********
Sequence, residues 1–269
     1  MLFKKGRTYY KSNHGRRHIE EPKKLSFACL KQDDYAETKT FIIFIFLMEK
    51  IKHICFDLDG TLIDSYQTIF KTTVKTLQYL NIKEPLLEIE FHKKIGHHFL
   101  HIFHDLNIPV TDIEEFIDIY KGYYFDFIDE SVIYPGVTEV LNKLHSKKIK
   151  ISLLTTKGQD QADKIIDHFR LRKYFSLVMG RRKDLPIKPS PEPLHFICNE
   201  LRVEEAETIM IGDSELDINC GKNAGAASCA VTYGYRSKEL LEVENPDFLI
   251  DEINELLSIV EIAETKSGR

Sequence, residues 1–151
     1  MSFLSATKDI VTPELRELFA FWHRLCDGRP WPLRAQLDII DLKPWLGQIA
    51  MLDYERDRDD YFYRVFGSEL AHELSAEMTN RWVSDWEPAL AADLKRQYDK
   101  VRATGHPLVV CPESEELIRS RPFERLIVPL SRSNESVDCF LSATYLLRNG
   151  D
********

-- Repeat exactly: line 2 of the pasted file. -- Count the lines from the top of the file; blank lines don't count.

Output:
     1  MLFKKGRTYY KSNHGRRHIE EPKKLSFACL KQDDYAETKT FIIFIFLMEK